**Re: How to find the probability of touching between two dates** Quote:
Originally Posted by **Shakone** You don't multiply them, you subtract one from the other. Because one event is a subset of the other.
Think of it another way. Suppose you simulate 100 paths. The paths you're interested in are those that do hit the level before T+whatever, but not the ones that have hit it before T. So you count the number of ones that hit by T+whatever and subtract all those that have hit by T. This leaves you with those paths that hit between T and T+. Doesn't it? |
Considering you example, it seems intuitively right. I'm not yet sure though, because according to probability theory, non-mutually exclusive events satisfy the following formula
p(A or B) = p(A) + p(B) - p(A and B)
If the events are mutually exclusive then the term p(A and B) becomes 0 and the equation remains
p(A or B) = p(A) + p(B)
This is equivalent to
p(A) = p(A or B) - p(B)
Now your suggestion seems to correspond to this as follows
p(hitting only between T and T+whatever) = p(hitting before T+whatever) - p(hitting before T)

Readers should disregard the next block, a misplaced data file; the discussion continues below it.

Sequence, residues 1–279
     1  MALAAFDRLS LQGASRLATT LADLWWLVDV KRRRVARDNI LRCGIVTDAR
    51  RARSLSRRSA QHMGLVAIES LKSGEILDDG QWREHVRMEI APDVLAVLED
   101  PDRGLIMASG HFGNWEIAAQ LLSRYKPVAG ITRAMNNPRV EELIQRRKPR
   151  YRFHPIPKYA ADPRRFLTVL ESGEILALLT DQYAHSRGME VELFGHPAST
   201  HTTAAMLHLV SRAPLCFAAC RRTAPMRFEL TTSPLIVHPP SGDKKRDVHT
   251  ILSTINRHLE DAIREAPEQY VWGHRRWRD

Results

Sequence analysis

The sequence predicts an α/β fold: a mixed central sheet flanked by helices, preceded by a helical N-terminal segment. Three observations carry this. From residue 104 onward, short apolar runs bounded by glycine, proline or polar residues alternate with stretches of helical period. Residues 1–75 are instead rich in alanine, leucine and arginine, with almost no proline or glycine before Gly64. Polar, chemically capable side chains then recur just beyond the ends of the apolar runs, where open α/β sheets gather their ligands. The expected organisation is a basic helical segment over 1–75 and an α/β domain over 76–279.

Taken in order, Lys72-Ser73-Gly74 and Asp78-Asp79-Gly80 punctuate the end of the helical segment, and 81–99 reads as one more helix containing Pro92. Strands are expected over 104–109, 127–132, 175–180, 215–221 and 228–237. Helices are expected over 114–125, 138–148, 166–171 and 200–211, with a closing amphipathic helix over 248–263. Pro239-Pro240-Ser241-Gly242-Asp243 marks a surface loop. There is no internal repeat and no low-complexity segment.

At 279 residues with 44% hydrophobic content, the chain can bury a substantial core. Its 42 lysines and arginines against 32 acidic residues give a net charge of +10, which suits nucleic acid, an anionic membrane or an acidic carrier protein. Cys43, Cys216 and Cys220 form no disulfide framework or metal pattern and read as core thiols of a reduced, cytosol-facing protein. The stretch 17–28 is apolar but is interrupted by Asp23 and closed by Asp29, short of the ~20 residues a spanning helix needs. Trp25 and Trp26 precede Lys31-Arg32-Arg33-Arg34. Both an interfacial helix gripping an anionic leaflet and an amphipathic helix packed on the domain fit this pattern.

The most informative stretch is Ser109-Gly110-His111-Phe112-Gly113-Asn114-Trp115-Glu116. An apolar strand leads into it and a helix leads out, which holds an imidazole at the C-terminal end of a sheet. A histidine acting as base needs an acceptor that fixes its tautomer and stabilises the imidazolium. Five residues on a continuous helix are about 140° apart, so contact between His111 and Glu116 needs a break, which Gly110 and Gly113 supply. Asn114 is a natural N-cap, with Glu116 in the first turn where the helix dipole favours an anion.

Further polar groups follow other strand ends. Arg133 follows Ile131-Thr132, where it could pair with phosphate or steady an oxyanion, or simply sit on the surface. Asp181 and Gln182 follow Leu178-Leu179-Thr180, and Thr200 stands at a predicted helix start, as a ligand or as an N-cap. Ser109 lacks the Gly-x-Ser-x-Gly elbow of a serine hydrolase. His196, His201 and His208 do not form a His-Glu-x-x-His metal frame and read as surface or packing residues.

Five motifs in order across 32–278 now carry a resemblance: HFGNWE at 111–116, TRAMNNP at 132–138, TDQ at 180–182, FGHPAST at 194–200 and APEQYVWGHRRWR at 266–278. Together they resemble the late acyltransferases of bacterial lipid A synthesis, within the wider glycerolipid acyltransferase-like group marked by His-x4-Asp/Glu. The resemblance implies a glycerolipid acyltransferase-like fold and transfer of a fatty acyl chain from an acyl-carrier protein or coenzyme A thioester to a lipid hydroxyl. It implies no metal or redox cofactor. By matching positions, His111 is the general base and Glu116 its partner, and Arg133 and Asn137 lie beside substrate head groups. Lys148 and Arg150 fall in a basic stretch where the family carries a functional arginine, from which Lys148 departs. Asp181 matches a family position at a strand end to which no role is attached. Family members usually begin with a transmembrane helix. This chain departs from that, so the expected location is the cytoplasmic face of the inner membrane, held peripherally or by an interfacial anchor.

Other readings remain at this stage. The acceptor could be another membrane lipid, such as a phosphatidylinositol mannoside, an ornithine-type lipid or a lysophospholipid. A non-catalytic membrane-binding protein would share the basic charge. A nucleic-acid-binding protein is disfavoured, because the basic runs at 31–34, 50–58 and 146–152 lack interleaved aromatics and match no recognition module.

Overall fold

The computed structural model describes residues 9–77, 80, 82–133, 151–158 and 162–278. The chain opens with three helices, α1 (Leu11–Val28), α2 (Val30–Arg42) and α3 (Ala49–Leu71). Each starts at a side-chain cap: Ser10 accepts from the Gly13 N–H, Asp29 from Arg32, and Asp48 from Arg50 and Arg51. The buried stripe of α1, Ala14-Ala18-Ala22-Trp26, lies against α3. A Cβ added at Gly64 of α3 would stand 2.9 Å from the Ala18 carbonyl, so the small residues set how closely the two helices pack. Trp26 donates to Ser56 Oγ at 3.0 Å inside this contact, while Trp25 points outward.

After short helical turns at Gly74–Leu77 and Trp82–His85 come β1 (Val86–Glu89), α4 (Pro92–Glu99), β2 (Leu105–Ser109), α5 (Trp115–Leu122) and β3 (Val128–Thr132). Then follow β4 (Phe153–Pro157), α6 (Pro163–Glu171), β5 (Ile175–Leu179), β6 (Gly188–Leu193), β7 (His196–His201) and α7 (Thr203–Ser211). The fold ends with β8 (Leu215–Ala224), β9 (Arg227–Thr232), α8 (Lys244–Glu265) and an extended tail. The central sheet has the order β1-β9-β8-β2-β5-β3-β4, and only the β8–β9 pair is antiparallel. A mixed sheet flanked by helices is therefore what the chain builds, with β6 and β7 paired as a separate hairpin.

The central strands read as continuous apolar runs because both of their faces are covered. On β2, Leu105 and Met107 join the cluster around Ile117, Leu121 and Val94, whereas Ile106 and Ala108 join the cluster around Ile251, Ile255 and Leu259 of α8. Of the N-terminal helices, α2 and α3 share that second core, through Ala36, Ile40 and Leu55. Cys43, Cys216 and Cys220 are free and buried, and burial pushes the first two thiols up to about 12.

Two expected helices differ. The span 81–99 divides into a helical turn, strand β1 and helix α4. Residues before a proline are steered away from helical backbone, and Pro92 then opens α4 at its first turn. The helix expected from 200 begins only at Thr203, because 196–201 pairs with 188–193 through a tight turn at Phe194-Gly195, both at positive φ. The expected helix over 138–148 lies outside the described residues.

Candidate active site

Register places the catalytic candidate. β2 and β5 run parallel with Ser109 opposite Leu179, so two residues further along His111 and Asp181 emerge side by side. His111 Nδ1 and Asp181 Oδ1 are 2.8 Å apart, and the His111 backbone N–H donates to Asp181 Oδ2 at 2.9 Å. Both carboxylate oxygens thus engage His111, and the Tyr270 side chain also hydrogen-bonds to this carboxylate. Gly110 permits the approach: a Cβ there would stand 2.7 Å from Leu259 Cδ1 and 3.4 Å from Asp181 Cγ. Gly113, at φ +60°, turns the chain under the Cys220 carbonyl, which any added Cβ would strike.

where
A=hitting only between T and T+whatever.
B=hitting before T.
This is because p(A or B) simply covers all possible events in which the target is reached before T+whatever.
The problem seems to me to be that the probability number given for p(hitting before T) doesn't subtract from it the cases where the same sample that hits before T also hits in between T and T+whatever and so do not represent a mutually exclusive event. So as long as p(hitting before T) isn't in itself restricted to merely the cases where it hit the level before T and NOT between T+whatever, we seem to be missing a tern in the formula. Obviously, the probability calculators I use do not look forward to subtract the cases it hits the same target in the future. |